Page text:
6. I always turn to Ann Taylor -- they've got some nice ones. How about this?

    Just under the $150 mark...

    Ministers often wear black, so even for a summer wedding it could be ok. And if the top is too exposing, perhaps a light sweater? then you can take it off and be even hotter for the reception...

  7. Cheryl,

    I found some dress options for you...a simple linen and satin trimmed dress and a pretty gauze dress -- both under $50 bucks.'s+Apparel%7c%7c%7c%7c%7c%2f%2f%2f%2f+++++++++++Dresses+%26+Evening+Wear%2f%2f%2f%2fAttribSelect%3dType%3d'Dresses'&pagename=prod's+Apparel%7c%7c%7c%7c%7c%2f%2f%2f%2f+++++++++++Dresses+%26+Evening+Wear%2f%2f%2f%2fAttribSelect%3dType%3d'Dresses'&pagename=prod

    then a pretty green necklace up by your neck will bring out your eyes and compliment your hair.

    As to what to say to the couple...communicate, communicate, ccommunicate! Also, when the kids come along remember to stay as a team--don't let the kids divide and conquer. I've been happily married to my highschool sweetheart for twenty years.

    Good luck!

  8. Oh, and if you're wearing a clip-on microphone, be sure to turn it off after the ceremony. I know someone who walked into the bathroom wearing an active microphone. Not good. Not good at all.

  9. I'm a jeans and T-shirt sorta' girl so I can't help you with a dress but I was curious about where In Iowa this wedding will take place. I'm in Iowa right now and we've been having tornado warnings, thunderstorms and hail all evening. Be sure to bring an umbrella! A big one...

  10. I wish my church would do that.

    Good luck with the dress finding. As an inhabitant of the rural northwest with a less than traditional shape myself, it's hard to find ANYTHING that fits.

  11. My greatest success story involving a dress was a trip to a store like your Macy's, where I tried on many, many choices (sigh) and ultimately found something perfect. I have worn it dozens of times since, and it still looks and feels new. Not bad for $'s a sleeveless black jersey with v-neck front and back that skims the body, ends just past the knee, forgives a few pounds here and there, and travels well. The brand is "Benjamin A," but I don't know if it's still around.

  12. Hi Cheryl,
    Here are some more dresses for you to check out: is my favorite Nice Clothes at a Big Discount site. Only thing is, you can't try on in advance so you've got to order them and ship 'em back if they're no good. These are all under $100, and you can search for dresses to see tons and tons more.

  13. The best advice I ever received on how to have a successful marriage was "Be as polite to your spouse as you would to an absolute stranger." It's worked so far.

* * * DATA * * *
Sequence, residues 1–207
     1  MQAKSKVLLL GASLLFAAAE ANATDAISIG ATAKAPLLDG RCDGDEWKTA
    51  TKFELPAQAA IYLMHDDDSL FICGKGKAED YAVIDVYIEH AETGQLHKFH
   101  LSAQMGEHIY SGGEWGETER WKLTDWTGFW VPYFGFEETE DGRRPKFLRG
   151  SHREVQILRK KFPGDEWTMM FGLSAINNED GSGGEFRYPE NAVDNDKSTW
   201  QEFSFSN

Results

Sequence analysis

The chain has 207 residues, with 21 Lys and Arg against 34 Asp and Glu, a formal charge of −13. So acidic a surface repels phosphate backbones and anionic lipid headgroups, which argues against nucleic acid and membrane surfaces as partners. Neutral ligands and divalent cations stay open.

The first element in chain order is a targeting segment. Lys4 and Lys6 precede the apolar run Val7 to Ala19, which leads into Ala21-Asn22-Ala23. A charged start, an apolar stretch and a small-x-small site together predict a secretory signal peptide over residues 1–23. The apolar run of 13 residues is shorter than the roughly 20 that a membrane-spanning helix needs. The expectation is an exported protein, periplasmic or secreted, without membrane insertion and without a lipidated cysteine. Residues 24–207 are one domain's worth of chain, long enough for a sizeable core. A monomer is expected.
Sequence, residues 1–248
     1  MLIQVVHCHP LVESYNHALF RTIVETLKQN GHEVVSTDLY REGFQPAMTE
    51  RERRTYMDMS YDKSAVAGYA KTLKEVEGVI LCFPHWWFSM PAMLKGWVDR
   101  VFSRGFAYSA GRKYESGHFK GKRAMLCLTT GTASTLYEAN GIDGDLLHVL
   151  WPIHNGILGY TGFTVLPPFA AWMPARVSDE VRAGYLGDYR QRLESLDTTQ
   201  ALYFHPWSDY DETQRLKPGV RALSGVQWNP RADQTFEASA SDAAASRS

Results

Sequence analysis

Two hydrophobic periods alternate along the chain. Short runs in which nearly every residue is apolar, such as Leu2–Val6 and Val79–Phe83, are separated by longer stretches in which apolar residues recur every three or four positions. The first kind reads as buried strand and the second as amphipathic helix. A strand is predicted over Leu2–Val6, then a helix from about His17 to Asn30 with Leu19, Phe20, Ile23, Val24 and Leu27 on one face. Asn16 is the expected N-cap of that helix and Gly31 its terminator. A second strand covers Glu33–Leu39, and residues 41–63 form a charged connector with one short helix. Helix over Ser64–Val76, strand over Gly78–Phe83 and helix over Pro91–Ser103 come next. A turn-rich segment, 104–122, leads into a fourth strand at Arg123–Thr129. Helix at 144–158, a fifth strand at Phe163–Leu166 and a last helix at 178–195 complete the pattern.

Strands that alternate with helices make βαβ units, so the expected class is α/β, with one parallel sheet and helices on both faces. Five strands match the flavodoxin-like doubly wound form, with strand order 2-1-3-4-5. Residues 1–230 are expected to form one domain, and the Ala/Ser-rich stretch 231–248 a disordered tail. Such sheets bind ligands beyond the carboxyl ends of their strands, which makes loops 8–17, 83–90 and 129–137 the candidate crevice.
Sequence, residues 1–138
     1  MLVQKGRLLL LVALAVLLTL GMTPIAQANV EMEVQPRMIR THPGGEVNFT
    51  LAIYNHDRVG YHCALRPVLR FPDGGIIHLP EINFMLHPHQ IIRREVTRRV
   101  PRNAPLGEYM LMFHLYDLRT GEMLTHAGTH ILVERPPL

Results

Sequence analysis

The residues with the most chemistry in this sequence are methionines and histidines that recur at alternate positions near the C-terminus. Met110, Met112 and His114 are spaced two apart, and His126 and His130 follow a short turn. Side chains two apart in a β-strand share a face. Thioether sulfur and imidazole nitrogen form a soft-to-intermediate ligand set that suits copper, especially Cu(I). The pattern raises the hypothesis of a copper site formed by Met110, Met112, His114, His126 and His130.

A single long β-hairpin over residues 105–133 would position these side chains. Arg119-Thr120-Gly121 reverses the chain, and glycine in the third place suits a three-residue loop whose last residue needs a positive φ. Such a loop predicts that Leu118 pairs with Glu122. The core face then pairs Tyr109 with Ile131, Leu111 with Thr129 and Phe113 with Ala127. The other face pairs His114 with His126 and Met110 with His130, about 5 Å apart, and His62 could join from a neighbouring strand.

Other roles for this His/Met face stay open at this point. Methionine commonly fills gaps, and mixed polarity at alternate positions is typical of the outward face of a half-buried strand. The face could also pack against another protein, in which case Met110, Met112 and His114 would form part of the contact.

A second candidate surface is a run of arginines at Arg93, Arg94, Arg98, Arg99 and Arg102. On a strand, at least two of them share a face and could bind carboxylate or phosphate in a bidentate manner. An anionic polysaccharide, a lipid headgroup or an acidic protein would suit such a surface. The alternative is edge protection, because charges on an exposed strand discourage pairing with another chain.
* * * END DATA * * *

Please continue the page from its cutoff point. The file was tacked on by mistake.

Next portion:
As for books about marriage "Madam Bovary" wins hands down for how to have a miserable life and relationship. But Emma was pretty much a shallow, nasty person to begin with. It wasn’t her boorish husband or the country town that ruined her life. She did with her selfish, greedy actions.

    Perhaps there aren’t many examples of happily married couples in literature because happiness for the most part is boring. In “Great Expectations” Wemmick has a happy marriage but it is interesting because he lives in “The Castle”, in a pretend world of his own making. He makes his own reality.

    “Busman’s Honeymoon” isn’t so much about being married over the long haul but about honeymooning, getting to know each other and settling in. I’m sure that Peter and Harriet had a long and well deserved happy marriage but it’s curious that the story stops there. Sayers wrote a few short stories of childbirth and idolized parenthood but for the most part the Lord and Lady Peter live “Happily ever after.”

    Good luck with the dress.


  14. Books suggestions: Your Aunt Leslie has this really awesome little book called something like "50 questions to ask your soon-to-be spouse" (everything from what does the living room look like in your/our dream house? to serious stuff, although I'm sure many a marriage has been ruined by a dream house living room) It was so cool I asked her the second I am engaged to pop it in to the mail.
    As for a dress: girl, your in NYC, go shopping!

  15. Dad is sending you $150 for a "hot minister dress?" You better believe I am getting an awesome pair of running shoes.


  16. Dad is sending you $150 for a "hot minister dress?" You better believe I am getting an awesome pair of running shoes. I should be writing a term paper.


    Your procrastinating sister Melissa